Thoughts on Readerly – 2 Weeks In

Readerly swept through book Twitter like a storm two weeks ago and like any good bandwagoner, I too signed up to snag a free premium account. Two weeks later, well, I haven’t heard a single mention of the new app.

Readerly, according to their own website, is marketed as a for the people, fuck Amazon Goodreads alternative. In fact, there’s very little on their website that isn’t about challenging Amazon’s influence over the book community, which for me is a massive red flag. For me, if a morally-preferable option also performs significantly worse. I’m still unlikely to use it (don’t ask me about StoryGraph, didn’t jump that bandwagon). Additionally, the one change they do highlight, removing the 5 star rating system for a percentage, doesn’t imbue me with confidence.

As someone who’s dabbled in UI design for internal company tools, some of these complaints will simply be, this button should be moved or this button should exist. This post was not written to bash Readerly, especially since the app has only existed for a couple weeks and their poor devs must be scrambling to put out fires. These are just personal observations that I’ve noted and wanted to share.

Likes

  • The gists are nice. I’ll be honest, I usually write long 5 paragraph reviews on my blog and GR that I’m pretty sure most people don’t read. And it’s usually a quick, three-sentence blurb that gets someone interested in a book anyway, so forcing the 200 character limit is a pretty neat idea
  • The Tags! Very ao3 like, always a good thing. Hopefully, as the userbase grows and more books are written, tags can start getting suggested like ao3 does. Personally, I run into mindblock where I know I want to tag things, but I freeze up on the spot and forget everything I should be tagging.
  • A specific section for trigger warnings/content warnings. This is definitely something I wish Goodreads made more visible. Like tags, hopefully an auto-complete feature will be added in the future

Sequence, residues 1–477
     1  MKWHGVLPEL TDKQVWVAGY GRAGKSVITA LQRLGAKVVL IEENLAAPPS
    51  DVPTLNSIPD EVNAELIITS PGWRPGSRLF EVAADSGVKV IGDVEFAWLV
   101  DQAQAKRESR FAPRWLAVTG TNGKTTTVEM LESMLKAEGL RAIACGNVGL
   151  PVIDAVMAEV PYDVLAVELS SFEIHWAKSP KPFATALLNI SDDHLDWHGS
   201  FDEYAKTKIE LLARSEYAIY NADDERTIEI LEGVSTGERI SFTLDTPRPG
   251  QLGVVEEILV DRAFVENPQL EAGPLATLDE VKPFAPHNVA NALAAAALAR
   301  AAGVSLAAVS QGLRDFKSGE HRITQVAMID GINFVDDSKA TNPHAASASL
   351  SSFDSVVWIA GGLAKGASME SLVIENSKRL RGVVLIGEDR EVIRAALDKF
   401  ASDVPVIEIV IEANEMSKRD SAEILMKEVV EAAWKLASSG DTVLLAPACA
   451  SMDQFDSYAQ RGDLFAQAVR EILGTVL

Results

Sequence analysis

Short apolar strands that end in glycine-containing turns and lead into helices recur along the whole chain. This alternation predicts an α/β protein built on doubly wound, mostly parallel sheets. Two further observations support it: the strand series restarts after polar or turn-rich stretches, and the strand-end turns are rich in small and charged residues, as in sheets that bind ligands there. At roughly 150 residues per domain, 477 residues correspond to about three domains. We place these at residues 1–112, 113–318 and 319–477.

• The groups. I made a test one with a couple friends just to see what they’re like and I like that you can share books specifically within a group, tailor gists to just a couple people. It’s nice to be able to make hyper-specific recommendations knowing it’ll only get seen by a select group.

Dislikes

  • Why remove the star system. Seriously, there’s nothing wrong with 1-5. No one asks to get rid of it. Just make it 1-10 or add the half star option, Like/dislike for a book feels so reductive because there’s plenty of books where I’d say, I didn’t like this but X, but or I didn’t dislike this, but I didn’t like it either. I get that readerly tries to weight books by some arbitrary percentage, but to me, giving a single percentage number (determined by an algorithmic black box) just obfuscates the algorithm more. With a star system, I know the entire process. With stars, I know to ignore certain reviews, and can clearly see how much certain critiques affect a book.
  • Warnings and Dislikes should be two separate pages. There are things I dislike (MC has no personality, pacing felt rushed, etc) that aren’t content warnings, just things that bother me but may or may not affect other readers. On the other hand, things like ‘sexual assault’, ‘animal death’, ‘bury your gays’, etc, are CW/TWs that would be important for any reader going in to know. The two really shouldn’t be conflated, and I’ve found myself not putting personal dislikes because I don’t want to clutter CWs/TWs.
  • New/Recommendations tab only features reviews from ‘official’ reviewers, aka places like Kirkus, the LA Times, NYT, etc. I’m sorry, but I really could not care less what the Christian Science Monitor thinks about a book. This is a site advertised for crowd-sourced gists, at least include a user-written ones to throw in with the more ‘official’ gists. There’s been enough scandals with literary magazines giving blatantly biased reviews to BIPOC authors that I’ve learned to not give their reviews as strong a weight.